We’ve talked a lot about going gluten-free (check the links at the bottom), and I know many of my readers are gluten-free, as is my family. But there is also this thinking out there that it’s some type of “fad” diet, or that people only do it to try to lose weight, or that it’s because their favorite celebrity is doing it.
It’s in the news so much it does cause people to wonder. I mean…..the low-fat diet was in the news all the time, then low-carb. How do we really know that going gluten-free is the right thing for our bodies? How do we know that food manufacturers, who are now making gluten-free foods, have our best interests at heart? Does cousin Sally’s, dentist’s, aunt really know what she’s talking about when she recommends going gluten-free?
And why is gluten so bad anyways?
The basics of a gluten-free diet are this:
- You cut out every tiny portion of wheat, rye, spelt, barley, and any other grain containing gluten.
- Some people even have to go as far as cutting out foods that have been processed near wheat and gluten.
- Beauty products may need to be changed as some contain gluten.
- Your life is now over since you can not eat bread.
Alright, so the last one is a stretch, though many people feel this way when they are told they have to go gluten-free.
The thing is, for some people, cutting out gluten can save their life. There are no if, ands, or butts about it.
Gluten is a protein found in wheat (even in the white flour) that gets through the gut lining. It destroys the villi in the intestines and in classic celiac, it causes obscene amounts of intestinal issues among other things. In “silent” celiac, the digestive system may remain mostly normal while the gluten permeates the gut lining and begins attaching to other parts of the body. The body’s immune system then goes on defense attacking the gluten as the foreign invader it is. The problem is, the body also attacks the organs where this protein sets up camp. It also begins attacking the body’s own proteins that are similar to gluten in structure. One of these is the thyroid.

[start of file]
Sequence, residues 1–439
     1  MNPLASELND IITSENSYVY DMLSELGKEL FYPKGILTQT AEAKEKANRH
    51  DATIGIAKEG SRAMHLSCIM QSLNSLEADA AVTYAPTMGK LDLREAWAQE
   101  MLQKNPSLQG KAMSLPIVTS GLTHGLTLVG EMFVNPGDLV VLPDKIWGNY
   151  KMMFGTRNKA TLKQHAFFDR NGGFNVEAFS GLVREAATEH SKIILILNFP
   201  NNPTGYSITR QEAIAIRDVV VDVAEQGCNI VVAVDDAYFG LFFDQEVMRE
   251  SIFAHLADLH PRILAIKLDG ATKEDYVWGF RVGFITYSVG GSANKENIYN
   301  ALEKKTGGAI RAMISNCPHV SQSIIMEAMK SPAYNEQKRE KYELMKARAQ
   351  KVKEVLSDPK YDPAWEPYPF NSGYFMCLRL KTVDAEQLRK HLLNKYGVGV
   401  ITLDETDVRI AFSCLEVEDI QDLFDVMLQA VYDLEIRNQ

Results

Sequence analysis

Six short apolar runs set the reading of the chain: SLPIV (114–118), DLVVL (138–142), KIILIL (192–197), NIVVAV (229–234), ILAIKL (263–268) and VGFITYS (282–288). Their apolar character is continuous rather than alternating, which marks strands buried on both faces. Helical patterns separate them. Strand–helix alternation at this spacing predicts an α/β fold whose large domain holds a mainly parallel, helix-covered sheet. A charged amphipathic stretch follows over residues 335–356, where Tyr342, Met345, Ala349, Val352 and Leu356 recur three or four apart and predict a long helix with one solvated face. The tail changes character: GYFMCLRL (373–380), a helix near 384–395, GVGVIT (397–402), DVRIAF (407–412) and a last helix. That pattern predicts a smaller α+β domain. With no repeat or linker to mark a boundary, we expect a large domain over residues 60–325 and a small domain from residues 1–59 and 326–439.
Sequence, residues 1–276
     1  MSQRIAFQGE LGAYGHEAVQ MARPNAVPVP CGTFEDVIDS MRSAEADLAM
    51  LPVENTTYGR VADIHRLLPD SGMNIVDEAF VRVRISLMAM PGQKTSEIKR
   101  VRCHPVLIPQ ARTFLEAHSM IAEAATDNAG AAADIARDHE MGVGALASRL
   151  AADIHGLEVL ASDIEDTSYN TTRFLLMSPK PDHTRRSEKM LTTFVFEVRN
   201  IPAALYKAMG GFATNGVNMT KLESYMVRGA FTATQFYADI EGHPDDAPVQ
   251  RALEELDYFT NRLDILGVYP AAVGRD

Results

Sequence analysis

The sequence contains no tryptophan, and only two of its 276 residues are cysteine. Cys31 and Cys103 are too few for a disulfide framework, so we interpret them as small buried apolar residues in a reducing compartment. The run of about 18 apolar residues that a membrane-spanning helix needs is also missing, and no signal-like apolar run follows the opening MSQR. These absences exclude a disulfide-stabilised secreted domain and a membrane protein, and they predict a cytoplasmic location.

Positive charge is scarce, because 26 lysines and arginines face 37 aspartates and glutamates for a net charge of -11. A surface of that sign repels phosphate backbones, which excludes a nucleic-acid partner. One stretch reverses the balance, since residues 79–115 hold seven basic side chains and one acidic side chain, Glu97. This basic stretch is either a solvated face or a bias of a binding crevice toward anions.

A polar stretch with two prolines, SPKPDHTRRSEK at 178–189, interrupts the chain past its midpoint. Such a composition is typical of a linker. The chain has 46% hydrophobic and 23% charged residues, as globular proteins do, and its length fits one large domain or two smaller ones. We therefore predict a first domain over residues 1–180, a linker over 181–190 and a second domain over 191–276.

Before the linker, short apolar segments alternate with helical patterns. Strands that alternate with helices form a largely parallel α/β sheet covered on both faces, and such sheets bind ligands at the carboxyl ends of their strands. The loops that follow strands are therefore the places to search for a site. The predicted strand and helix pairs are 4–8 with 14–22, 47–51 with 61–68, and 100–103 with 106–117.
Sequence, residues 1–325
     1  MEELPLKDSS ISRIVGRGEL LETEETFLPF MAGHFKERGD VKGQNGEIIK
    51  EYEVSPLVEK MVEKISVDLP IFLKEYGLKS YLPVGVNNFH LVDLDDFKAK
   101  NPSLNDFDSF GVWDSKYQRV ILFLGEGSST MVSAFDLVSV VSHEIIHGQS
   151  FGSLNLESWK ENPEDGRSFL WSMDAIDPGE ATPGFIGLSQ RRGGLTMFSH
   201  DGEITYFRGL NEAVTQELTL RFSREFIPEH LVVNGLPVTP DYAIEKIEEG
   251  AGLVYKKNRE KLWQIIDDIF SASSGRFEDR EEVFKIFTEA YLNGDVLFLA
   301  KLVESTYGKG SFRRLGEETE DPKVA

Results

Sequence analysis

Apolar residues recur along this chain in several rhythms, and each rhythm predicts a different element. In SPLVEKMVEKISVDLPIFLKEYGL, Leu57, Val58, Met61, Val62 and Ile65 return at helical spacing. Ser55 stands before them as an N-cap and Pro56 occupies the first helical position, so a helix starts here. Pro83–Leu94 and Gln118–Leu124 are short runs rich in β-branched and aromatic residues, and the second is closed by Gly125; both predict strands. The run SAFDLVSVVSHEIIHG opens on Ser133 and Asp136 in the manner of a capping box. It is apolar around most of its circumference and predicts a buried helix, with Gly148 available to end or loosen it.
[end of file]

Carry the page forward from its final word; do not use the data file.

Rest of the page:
Other signs of silent celiac (organs that the body is damaging – also known as auto-immune) can include arthritis, nerve problems and disease of the nerves, type one diabetes, infertility, multiple miscarriage, and lupus. Even mental illness has a strong link to gluten.
There are many, many people out there that shouldn’t be eating gluten and they are. Some even have been told by their doctors that they don’t need to go gluten-free because tests show that they are only “borderline celiac”.
So how do you know if you have to go gluten-free? Should you even go gluten-free if you don’t think you’re intolerant to it?
Because undiagnosed gluten intolerance and celiac are so rampant, and the fact that it has such close ties to infertility and multiple miscarriages, I do recommend that people should at least go gluten-free for a month to see how their body reacts. Testing would be so much easier, but unfortunately, there really aren’t any tests that are 100% accurate until the gluten has completely damaged the villi. A one month test, staying away from gluten of any kind, is long enough to see if you have reactions as you abstain from eating it (many people get headaches and body aches). After one month you’ll also be able to tell if you physically feel better – some people have been in a “gluten fog” for so long that they don’t even remember what feeling good feels like!